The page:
database commands. These common aggregation operations are: returning a count of matching documents, returning
the distinct values for a eld, and grouping data based on the values of a eld. All of these operations aggregate
documents from a single collection. While these operations provide simple access to common aggregation processes,
they lack the exibility and capabilities of the aggregation pipeline and map-reduce.
Figure 3: Diagram of the annotated distinct operation.
1.2 Additional Features and Behaviors
Both the aggregation pipeline and map-reduce can operate on a sharded collection. Map-reduce operations
can also output to a sharded collection. See Aggregation Pipeline and Sharded Collections (page 17) and Map-Reduce
and Sharded Collections (page 18) for details.
6
The aggregation pipeline can use indexes to improve its performance during some of its stages. In addition, the
aggregation pipeline has an internal optimization phase. See Pipeline Operators and Indexes (page 9) and Aggregation
Pipeline Optimization (page 14) for details.
For a feature comparison of the aggregation pipeline, map-reduce, and the special group functionality, see Aggregation
Commands Comparison (page 40).
2 Aggregation Concepts
MongoDB provides the three approaches to aggregation, each with its own strengths and purposes for a given situation.
This section describes these approaches and also describes behaviors and limitations specic to each approach. See
also the chart (page 40) that compares the approaches.
Aggregation Pipeline (page 7) The aggregation pipeline is a framework for performing aggregation tasks, modeled
on the concept of data processing pipelines. Using this framework, MongoDB passes the documents of a single
collection through a pipeline. The pipeline transforms the documents into aggregated results, and is accessed
through the aggregate database command.
Map-Reduce (page 10) Map-reduce is a generic multi-phase data aggregation modality for processing quantities of
data. MongoDB provides map-reduce with the mapReduce database command.
Single Purpose Aggregation Operations (page 11) MongoDB provides a collection of specic data aggregation op-
erations to support a number of common data aggregation functions. These operations include returning counts
of documents, distinct values of a eld, and simple grouping operations.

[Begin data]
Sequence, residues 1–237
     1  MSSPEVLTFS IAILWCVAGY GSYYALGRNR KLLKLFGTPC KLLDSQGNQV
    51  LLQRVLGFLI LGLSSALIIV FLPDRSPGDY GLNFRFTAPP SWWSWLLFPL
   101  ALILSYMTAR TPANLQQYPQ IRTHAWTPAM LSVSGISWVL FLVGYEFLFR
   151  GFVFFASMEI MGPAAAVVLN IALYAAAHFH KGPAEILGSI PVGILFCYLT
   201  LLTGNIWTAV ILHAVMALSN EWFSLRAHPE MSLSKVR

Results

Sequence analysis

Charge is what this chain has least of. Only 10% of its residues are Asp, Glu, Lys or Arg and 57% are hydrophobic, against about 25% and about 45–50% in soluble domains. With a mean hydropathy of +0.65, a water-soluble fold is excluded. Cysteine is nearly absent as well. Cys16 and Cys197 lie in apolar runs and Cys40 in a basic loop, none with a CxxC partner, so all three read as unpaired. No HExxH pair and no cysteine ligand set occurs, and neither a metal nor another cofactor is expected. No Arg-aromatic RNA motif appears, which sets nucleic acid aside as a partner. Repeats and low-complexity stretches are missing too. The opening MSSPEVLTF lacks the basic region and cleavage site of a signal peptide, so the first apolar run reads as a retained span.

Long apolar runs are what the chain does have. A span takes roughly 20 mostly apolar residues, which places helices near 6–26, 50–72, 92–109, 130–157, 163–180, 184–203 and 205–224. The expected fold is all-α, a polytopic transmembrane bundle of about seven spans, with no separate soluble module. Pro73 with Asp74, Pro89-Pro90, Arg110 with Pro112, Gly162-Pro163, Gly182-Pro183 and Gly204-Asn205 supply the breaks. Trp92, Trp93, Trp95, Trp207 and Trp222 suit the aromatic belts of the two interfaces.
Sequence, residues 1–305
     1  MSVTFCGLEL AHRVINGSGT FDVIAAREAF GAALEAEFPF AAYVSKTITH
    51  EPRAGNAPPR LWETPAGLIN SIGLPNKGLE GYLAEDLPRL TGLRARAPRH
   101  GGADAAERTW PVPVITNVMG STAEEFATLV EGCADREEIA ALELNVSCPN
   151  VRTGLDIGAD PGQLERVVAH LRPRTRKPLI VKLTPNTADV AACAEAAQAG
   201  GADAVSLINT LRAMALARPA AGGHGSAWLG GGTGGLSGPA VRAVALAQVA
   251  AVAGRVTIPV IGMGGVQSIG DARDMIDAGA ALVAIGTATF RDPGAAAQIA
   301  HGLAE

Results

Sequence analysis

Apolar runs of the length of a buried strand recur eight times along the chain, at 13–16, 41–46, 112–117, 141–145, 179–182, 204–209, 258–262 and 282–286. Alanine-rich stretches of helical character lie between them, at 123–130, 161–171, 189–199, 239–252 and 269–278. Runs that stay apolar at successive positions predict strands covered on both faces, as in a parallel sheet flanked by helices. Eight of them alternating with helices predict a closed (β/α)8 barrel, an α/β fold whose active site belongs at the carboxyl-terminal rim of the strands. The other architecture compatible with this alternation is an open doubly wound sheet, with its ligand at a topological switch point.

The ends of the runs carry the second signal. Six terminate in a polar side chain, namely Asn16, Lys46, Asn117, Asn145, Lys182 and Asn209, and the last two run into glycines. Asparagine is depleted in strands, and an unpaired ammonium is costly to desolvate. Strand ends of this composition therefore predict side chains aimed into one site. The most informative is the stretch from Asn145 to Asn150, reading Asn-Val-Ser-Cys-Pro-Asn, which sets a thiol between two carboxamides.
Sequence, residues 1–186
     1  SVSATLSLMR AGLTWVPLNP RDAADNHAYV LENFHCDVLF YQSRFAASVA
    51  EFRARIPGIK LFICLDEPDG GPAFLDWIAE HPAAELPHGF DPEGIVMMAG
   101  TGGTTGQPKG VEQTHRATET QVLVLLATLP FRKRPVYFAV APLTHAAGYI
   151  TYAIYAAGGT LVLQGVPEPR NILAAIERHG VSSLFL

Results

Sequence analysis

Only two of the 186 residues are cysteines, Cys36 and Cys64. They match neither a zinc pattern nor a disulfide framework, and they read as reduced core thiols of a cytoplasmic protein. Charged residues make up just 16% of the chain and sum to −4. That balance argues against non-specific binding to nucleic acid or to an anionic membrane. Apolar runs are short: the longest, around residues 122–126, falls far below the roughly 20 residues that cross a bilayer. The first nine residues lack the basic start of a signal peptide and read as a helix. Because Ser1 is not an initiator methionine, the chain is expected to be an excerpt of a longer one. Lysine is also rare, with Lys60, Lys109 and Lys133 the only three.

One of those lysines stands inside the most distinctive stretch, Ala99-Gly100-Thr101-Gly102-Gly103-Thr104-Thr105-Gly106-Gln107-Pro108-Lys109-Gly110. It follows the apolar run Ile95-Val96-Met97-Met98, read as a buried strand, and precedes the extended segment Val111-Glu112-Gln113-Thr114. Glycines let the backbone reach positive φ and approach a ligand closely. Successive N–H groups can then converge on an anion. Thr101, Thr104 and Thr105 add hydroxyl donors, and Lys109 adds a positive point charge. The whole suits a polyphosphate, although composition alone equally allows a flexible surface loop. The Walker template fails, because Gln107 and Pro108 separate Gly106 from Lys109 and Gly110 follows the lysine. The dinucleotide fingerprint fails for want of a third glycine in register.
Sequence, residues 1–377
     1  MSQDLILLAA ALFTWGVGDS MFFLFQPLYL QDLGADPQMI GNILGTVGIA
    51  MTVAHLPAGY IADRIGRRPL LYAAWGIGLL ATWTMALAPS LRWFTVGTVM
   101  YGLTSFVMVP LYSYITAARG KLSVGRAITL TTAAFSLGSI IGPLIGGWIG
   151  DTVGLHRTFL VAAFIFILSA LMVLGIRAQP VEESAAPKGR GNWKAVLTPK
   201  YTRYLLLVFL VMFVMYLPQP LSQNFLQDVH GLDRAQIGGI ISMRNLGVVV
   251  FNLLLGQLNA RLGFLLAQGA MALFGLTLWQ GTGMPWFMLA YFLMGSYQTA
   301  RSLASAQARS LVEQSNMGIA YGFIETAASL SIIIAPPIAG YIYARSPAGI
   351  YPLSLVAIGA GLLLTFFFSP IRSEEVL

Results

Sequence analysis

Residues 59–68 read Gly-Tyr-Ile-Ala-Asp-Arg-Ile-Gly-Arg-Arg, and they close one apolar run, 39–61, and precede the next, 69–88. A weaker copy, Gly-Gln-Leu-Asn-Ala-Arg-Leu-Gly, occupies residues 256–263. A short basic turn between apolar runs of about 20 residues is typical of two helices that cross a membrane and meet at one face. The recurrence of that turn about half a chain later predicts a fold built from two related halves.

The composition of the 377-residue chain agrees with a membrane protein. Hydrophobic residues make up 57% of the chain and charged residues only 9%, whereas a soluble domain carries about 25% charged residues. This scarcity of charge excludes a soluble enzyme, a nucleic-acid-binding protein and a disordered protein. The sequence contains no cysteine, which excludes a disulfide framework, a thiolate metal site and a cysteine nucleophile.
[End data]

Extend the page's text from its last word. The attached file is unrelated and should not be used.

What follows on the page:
Aggregation Mechanics (page 14) Details internal optimization operations, limits, support for sharded collections,
and concurrency concerns.
2.1 Aggregation Pipeline
New in version 2.2.
The aggregation pipeline is a framework for data aggregation modeled on the concept of data processing pipelines.
Documents enter a multi-stage pipeline that transforms the documents into an aggregated results.
The aggregation pipeline provides an alternative to map-reduce and may be the preferred solution for aggregation tasks
where the complexity of map-reduce may be unwarranted.
Aggregation pipeline have some limitations on value types and result size. See Aggregation Pipeline Limits (page 17)
for details on limits and restrictions on the aggregation pipeline.
Pipeline
The MongoDB aggregation pipeline consists of stages. Each stage transforms the documents as they pass through the
pipeline. Pipeline stages do not need to produce one output document for every input document; e.g., some stages may
generate new documents or lter out documents. Pipeline stages can appear multiple times in the pipeline.
MongoDB provides the db.collection.aggregate() method in the mongo shell and the aggregate com-
mand for aggregation pipeline. See aggregation-pipeline-operator-reference for the available stages.
For example usage of the aggregation pipeline, consider Aggregation with User Preference Data (page 23) and Aggre-
gation with the Zip Code Data Set (page 20).
7
Figure 4: Diagram of the annotated aggregation pipeline operation. The aggregation pipeline has two stages: $match
and $group.
8
Pipeline Expressions
Some pipeline stages takes a pipeline expression as its operand. Pipeline expressions specify the transformation to
apply to the input documents. Expressions have a document structure and can contain other expression (page 36).
Pipeline expressions can only operate on the current document in the pipeline and cannot refer to data from other
documents: expression operations provide in-memory transformation of documents.
Generally, expressions are stateless and are only evaluated when seen by the aggregation process with one exception:
accumulator expressions.
The accumulators, used with the $group pipeline operator, maintain their state (e.g. totals, maximums, minimums,
and related data) as documents progress through the pipeline.
For more information on expressions, see Expressions (page 36).
Aggregation Pipeline Behavior
In MongoDB, the aggregate command operates on a single collection, logically passing the entire collection into
the aggregation pipeline. To optimize the operation, wherever possible, use the following strategies to avoid scanning
the entire collection.
Pipeline Operators and Indexes
The $match and $sort pipeline operators can take advantage of an index when they occur at the beginning of the
pipeline.
New in version 2.4: The $geoNear pipeline operator takes advantage of a geospatial index. When using $geoNear,
the $geoNear pipeline operation must appear as the rst stage in an aggregation pipeline.
Even when the pipeline uses an index, aggregation still requires access to the actual documents; i.e. indexes cannot
fully cover an aggregation pipeline.
Changed in version 2.6: In previous versions, for very select use cases, an index could cover a pipeline.